Tuesday, May 31, 2016

Carrillo-Carrillo v. Coursey, No. 14-35897 (5-24-16)(Watford with Fisher and Berzon). The 9th reversed the dismissal of the IAC petition as being procedurally barred.  It wasn't.  The petitioner had presented his claims, in a pro se portion of Balfour brief (Oregon's version of Anders), by attaching his PCR petition and incorporating it by reference.  The petitioner may not have numbered the claims exactly as required, but some leeway is granted, and the Oregon Supreme Court has held such attachment can constitute presentation of the claim.

Here, the petitioner alleged IAC.  He claimed he was pressured into taking a plea to 15 years when new charges had been filed, trial was looming, and he received bad advice from counsel, who conducted no investigation.  The petitioner had presented the PCR in state court, lost after an evidentiary hearing, and then had a Balfour brief on appeal.

The 9th reverses the dismissal for procedural default and remands for the district court to review on the merits.

Congrats to AFPD Tony Bernstein, Oregon FPD (Portland).

The decision is here:


Rodriguez v. Copenhaver, No. 14-16399 (5-25-16)(Silverman with Graber; partial dissent by Tashima).  The BOP denied nunc pro tunc discretionary crediting a state sentence to a federal sentence pursuant to 18 USC 3621(b).  In denying the credit, the BOP relied upon a letter from a judge who was not the sentencing judge, as designated by statute, and had been RECUSED.  The judges for the district had been recused because one of the judges had been the victim of one of the offenses. The district court dismissed for lack of jurisdiction.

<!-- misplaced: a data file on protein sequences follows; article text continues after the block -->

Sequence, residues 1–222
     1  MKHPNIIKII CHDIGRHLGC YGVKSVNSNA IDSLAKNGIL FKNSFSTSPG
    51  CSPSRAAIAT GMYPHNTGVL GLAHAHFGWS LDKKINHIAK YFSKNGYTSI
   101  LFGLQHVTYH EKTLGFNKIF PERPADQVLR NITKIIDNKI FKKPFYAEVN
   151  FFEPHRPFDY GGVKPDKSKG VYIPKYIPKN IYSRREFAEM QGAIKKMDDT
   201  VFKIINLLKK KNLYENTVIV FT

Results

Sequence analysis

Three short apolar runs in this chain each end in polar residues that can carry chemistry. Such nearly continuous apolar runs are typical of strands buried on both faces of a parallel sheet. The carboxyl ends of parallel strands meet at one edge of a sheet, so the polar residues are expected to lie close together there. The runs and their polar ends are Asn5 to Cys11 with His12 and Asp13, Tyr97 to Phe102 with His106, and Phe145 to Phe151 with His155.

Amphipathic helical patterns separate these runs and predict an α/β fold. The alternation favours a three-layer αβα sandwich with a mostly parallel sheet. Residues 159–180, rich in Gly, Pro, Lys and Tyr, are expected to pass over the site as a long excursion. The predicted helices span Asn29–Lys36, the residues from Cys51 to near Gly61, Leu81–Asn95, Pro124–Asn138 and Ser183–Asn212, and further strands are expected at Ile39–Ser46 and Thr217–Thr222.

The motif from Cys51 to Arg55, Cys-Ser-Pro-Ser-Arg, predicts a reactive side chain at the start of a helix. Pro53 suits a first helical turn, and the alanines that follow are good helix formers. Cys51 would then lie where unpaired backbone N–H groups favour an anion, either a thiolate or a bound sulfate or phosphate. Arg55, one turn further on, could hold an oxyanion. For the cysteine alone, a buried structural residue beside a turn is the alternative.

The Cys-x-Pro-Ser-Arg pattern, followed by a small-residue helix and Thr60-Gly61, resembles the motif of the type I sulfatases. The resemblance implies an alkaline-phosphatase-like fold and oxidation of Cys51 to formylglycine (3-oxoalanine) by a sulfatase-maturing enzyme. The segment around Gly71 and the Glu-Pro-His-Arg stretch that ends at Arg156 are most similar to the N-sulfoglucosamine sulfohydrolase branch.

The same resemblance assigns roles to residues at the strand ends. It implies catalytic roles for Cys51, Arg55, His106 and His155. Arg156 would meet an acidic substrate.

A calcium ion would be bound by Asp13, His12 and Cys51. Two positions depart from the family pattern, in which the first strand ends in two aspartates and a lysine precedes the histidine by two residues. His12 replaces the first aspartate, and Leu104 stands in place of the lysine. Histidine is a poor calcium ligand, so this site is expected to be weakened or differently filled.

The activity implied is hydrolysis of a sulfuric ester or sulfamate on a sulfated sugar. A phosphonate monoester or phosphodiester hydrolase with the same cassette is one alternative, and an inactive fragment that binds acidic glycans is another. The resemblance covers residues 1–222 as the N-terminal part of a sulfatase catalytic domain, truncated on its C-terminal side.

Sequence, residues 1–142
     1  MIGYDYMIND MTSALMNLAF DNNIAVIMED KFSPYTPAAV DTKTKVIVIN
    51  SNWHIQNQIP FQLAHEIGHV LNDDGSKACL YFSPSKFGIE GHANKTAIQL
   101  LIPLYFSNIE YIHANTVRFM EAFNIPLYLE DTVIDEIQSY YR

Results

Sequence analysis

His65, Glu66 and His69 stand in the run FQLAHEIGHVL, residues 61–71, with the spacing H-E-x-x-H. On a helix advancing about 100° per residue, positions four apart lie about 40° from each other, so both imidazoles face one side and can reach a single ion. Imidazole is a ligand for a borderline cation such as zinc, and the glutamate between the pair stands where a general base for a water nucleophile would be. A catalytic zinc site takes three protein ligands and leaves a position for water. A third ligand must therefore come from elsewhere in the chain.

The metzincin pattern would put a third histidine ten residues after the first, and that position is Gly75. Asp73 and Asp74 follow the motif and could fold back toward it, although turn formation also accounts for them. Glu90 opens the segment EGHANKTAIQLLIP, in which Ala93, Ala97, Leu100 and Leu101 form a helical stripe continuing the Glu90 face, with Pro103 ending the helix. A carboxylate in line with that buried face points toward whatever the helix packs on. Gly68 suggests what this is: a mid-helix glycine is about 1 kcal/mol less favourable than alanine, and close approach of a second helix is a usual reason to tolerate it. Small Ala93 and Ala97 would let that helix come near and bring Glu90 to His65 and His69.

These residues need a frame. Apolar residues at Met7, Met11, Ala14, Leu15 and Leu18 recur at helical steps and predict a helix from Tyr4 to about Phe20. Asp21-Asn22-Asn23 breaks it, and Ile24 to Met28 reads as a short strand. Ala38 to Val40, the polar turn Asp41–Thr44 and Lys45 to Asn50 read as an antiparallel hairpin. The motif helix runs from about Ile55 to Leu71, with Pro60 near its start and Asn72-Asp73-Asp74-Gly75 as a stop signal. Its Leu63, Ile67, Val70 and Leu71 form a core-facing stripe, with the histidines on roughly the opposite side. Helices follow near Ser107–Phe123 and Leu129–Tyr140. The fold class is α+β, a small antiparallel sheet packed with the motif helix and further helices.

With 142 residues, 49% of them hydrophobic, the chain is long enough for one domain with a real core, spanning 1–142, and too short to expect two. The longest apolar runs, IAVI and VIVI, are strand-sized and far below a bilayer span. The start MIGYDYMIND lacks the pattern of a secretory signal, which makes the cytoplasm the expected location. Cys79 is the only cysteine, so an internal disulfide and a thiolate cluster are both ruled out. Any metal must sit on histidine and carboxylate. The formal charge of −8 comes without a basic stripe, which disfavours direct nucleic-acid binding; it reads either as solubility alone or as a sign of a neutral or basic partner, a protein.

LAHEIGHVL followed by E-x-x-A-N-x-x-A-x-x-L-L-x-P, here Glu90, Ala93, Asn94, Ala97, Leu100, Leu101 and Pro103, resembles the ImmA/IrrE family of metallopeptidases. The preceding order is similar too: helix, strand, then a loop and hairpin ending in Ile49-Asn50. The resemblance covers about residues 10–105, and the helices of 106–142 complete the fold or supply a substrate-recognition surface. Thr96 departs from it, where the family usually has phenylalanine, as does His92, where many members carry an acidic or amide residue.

The 9th held that the courts had jurisdiction over the discretionary awarding of credit because the petitioner alleged violation of statutory authority and a violation of constitutional due process. 

The 9th further held that the BOP had indeed violated the statute by considering the letter, and had violated due process.  The 9th granted the petition and ordered the BOP to consider the request without the letter.

Tashima partially dissented.  He would have found that the BOP had committed error in relying on the letter.  He would not have gone further and found a due process violation.

Congrats to Steve Sady and Elizabeth Daily of the FPD Oregon (Portland) office.

The decision is here:

Smith v. Ryan, No. 14-99008 (5-26-16)(Paez with Clifton and Owens)(Note: This is an Az FPD-CHU case).  The 9th affirmed the denial of petitioner's habeas challenge to his death sentences.  In affirming, under AEDPA deference, the 9th holds that confrontation did not apply in the sentencing phase, that sentencing counsel was not ineffective and that Martinez did not apply, that introduction of other crimes did not violate due process, and that aggravator challenges for vagueness fail.  The 9th found it reasonable for the state supreme court to rely on a 1970 sentencing statute for aggravators and that it could judicially narrow and define the terms.  In so doing, petitioner's categorical challenge was rejected.
Petitioner was convicted in 1977 for two murders and given death.  He has had several appeals, resentencings, and petitioners.  Petitioner has been on death row for almost 40 years.

AFPD Mike Burke of the AZ FPD - CHU (Phoenix) and AFPD  Kelly Culshaw (now of the Calif E - CHU) fought long and hard on this case.

The decision is here:

Williams v. Johnson, No. 07-56127 (5-27-16)(Kozinski with Whyte, Sr D.J.; Reinhardt dissenting). This concerns whether, in habeas, a juror in a state murder case was dismissed for bias or because she was a principled holdout for acquittal.  On remand from the Supremes, in light of Williams, the 9th considers whether, under AEDPA deference, the dismissal was reasonable.  The 9th holds it was; the dissent argues it wasn't.



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